[There was a video here]
A question that's lingered for days now that a jury found George Zimmerman not guilty of murdering Trayvon Martin is what President Obama was going to say about the case. Though he issued a short statement immediately following the verdict, it seemed unlikely he wouldn't elaborate on a decision that's aggravated America's racial tensions more than anything in years. That said, any statement he'd make would have to be far more politically minded than much of the angry dialogue being slung back and forth this week.
This afternoon, in a surprise appearance at standard a White House press conference, the president finally spoke more about the Zimmerman verdict, giving a short but poignant speech on the Florida trial itself and America's intractable issues with race.
Saying outright that Trayvon Martin "could have been me 35 years ago," Obama pulled no punches when getting to the racial dynamics of what many Americans have been feeling this week:
I think it’s important to recognize that the African-American community is looking at this issue through a set of experiences and a history that—that doesn’t go away. There are very few African-American men in this country who haven’t had the experience of being followed when they were shopping in a department store. That includes me.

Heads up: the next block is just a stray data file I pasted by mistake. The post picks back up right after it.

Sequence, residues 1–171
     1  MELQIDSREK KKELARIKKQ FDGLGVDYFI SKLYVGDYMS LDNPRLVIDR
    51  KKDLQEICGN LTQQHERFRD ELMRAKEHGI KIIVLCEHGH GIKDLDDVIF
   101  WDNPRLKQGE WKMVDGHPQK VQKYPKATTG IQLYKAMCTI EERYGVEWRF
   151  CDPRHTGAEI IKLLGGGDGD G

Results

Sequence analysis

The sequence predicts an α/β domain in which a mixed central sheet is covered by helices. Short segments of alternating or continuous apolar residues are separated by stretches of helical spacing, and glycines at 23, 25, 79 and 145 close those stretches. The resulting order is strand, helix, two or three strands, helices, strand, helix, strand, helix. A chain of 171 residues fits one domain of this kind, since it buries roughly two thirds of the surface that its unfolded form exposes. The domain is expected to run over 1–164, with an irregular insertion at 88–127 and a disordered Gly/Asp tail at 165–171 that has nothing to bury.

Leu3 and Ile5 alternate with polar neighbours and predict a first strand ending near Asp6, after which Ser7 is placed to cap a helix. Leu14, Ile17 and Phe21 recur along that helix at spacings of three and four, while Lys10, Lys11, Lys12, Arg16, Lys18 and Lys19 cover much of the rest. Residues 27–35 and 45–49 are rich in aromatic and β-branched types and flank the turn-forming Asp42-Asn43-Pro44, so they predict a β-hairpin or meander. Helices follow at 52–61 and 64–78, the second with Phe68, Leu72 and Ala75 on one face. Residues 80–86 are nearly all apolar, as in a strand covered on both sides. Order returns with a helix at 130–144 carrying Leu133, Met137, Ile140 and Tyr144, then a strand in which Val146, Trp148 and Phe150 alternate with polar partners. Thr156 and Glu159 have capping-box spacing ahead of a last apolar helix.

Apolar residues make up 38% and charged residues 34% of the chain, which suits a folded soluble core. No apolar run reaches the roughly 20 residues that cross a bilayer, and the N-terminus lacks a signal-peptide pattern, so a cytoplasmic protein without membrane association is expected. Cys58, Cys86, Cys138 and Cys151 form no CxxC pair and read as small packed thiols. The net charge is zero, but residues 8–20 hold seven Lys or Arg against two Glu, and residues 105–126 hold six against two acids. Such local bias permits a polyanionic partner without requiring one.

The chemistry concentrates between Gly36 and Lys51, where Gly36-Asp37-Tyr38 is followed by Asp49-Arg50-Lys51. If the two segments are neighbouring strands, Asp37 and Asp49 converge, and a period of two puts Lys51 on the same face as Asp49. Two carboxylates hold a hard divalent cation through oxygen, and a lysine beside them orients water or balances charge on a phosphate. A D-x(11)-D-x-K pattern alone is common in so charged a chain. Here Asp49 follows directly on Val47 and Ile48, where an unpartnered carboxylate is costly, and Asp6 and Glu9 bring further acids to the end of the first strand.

The president added, "We need to ask whether we are making African American young men feel part of this society. Black boys need more encouragement."
Obama also touched on the wisdom of Florida's "stand your ground" law, and similar laws in other states: "I think it would be useful for us to examine some state and local laws to see if it—if they are designed in such a way that they may encourage the kinds of altercations and confrontations and tragedies that we saw in the Florida case, rather than defuse potential altercations."
Naturally, Obama's somber and direct tone in confronting the realities of racism has infuriated many on the right wing, who are taking his speech to be advocation for and invocation of a "race war":
Obama goes full race war: In putting shooting "in context",it's all about how "black folks" see it, not how whites or assault victims see it— Patrick Dollard (@PatDollard) July 19, 2013
The President of the United States incites a race war among his own citizens. I may actually vomit I am so disgusted. #tcot— Rob al Kafir (@robfit) July 19, 2013